My band uses these services to facilitate distributing our album and what not

        Your label is supposed to handle that for you. If you're not signed with a major label and have the temerity to try to distribute your own music, you're clearly some kind of terrorist socialist pedophile drug dealer pirate, and will be dealt with accordingly.

        • Re:Pirate Bay? (Score:5, Interesting)

          by Xelios (822510) on Sunday April 01, 2012 @03:32AM (#39539185)
          Independent film makers get similar treatment [youtube.com] from the MPAA. And unlike musicians they really are forced to deal with them to have their film rated for release.
          • Re:Pirate Bay? (Score:5, Interesting)

            by PopeRatzo (965947) on Sunday April 01, 2012 @07:56AM (#39539915) Homepage Journal

            Independent film makers get similar treatment from the MPAA. And unlike musicians they really are forced to deal with them to have their film rated for release.

            And if you are an indie filmmaker, you can expect very harsh treatment at the hands of MPAA for your rating.

            I just heard an interview with the director of the terrific new documentary Bully and he was talking about how the MPAA wanted to give his movie an "R" even though all of the characters were real teenagers involved in real bullying and the movie is possibly the most important movie for middle and high-school kids to see. He ended up just going "Unrated" which of course will limit his distribution (but it looks like a lot of media people are getting behind him to help out).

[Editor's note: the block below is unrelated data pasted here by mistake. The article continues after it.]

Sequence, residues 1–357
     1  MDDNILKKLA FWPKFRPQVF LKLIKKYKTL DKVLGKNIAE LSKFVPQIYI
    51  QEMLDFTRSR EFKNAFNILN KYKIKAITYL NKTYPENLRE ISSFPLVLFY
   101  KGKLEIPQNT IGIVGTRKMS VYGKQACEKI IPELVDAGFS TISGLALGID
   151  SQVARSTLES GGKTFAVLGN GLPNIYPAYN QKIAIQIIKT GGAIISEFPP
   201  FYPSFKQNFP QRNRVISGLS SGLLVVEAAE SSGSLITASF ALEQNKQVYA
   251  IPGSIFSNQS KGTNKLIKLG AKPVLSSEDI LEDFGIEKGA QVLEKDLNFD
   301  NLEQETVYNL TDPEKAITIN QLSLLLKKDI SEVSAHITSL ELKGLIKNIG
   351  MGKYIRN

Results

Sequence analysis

I've made a portion of my living as a professional musician, composer and arranger for about 25 years and I won't go near a project with anything but an indie label and not only an indie label but a really small privately-held indie label. I most enjoy self-released work, which in my opinion has now reached a point of quality every bit as good as anything on a major. I only pay for music when I can buy direct from the artist, or very nearly direct. I'm hoping to get to that point with movies someday.

        • by Nrrqshrr (1879148)
          Trying to get rid of the middle-man somehow became a suspicious deed, lately. It's like being an independent content creator is the new crime of the 21st century.
      • From what I understand, the founders have not done jail time but are fugitives, with a price on their head and all that.
      • Re:Pirate Bay? (Score:5, Informative)

        by AmiMoJo (196126) <mojo@@@world3...net> on Sunday April 01, 2012 @04:04AM (#39539307) Homepage

        Heck its founders even did jail for it.

        Actually none of them have. They have been sentenced but only one is actually living in Sweden and his will be served in the community rather than behind bars. The others left ages ago and the authorities have been unable to recover a single penny of assets from them to pay the millions of Euros in fines, and as they are now in countries that won't extradite to the EU there is pretty much no chance of them doing any time. Plus there are still appeals in the pipeline.

        Meanwhile the Pirate Bay continues, benefiting from free publicity paid for by the media companies trying to take them down.

      • by nurb432 (527695)

        Its all about risk. if you are *just* running a business and it looks like you may lose everything, including your freedom, its time to bail out of the game. ( like the file storage sites they are going ofter ). And the *AA's know they are fairly easy to eradicate.

        If you are making a personal/political statement, then you stand firm. The *AAs know this too... which is why they are finally changing tactics to attack the storage sites, and end users, instead.